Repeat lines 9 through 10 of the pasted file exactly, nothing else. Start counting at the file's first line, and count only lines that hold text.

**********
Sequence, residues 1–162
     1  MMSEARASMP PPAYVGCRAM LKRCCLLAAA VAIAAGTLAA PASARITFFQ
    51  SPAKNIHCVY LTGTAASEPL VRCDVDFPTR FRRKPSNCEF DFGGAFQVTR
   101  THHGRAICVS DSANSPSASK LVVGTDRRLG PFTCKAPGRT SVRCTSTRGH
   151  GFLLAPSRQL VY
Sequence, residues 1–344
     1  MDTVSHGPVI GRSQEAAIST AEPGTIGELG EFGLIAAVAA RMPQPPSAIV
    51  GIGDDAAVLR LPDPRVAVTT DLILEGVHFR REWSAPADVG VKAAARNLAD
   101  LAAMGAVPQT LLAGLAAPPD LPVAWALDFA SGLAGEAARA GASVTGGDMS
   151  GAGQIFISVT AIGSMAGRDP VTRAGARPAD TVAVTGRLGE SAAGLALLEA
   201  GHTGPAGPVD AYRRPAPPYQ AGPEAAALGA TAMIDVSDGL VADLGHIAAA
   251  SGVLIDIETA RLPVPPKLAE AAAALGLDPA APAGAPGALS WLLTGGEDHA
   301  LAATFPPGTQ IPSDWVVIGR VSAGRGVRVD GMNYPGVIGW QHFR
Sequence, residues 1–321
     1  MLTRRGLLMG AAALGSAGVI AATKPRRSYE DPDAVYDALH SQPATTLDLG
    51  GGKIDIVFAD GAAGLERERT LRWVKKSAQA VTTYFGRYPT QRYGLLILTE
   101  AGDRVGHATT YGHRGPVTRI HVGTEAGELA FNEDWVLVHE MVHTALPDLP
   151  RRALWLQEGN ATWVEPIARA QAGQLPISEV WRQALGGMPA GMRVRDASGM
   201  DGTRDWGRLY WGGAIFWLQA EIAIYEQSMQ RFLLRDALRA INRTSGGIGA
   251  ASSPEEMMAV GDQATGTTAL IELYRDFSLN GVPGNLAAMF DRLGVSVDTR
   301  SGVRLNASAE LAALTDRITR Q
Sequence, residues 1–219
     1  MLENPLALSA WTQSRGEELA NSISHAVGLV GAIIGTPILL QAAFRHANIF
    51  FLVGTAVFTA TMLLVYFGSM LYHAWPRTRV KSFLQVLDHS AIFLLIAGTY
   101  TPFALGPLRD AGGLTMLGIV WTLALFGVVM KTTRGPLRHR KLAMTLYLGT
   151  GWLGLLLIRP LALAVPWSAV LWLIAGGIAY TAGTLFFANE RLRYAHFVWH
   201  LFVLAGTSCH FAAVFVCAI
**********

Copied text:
   101  LAAMGAVPQT LLAGLAAPPD LPVAWALDFA SGLAGEAARA GASVTGGDMS
   151  GAGQIFISVT AIGSMAGRDP VTRAGARPAD TVAVTGRLGE SAAGLALLEA